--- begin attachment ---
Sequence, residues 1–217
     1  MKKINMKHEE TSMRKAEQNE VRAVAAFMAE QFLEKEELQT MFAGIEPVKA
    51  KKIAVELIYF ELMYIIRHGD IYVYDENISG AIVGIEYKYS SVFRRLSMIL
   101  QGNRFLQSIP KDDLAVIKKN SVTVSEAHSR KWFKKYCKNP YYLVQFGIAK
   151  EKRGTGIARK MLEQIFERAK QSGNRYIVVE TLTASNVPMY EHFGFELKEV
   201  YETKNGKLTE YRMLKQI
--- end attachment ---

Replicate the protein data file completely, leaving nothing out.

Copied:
Sequence, residues 1–217
     1  MKKINMKHEE TSMRKAEQNE VRAVAAFMAE QFLEKEELQT MFAGIEPVKA
    51  KKIAVELIYF ELMYIIRHGD IYVYDENISG AIVGIEYKYS SVFRRLSMIL
   101  QGNRFLQSIP KDDLAVIKKN SVTVSEAHSR KWFKKYCKNP YYLVQFGIAK
   151  EKRGTGIARK MLEQIFERAK QSGNRYIVVE TLTASNVPMY EHFGFELKEV
   201  YETKNGKLTE YRMLKQI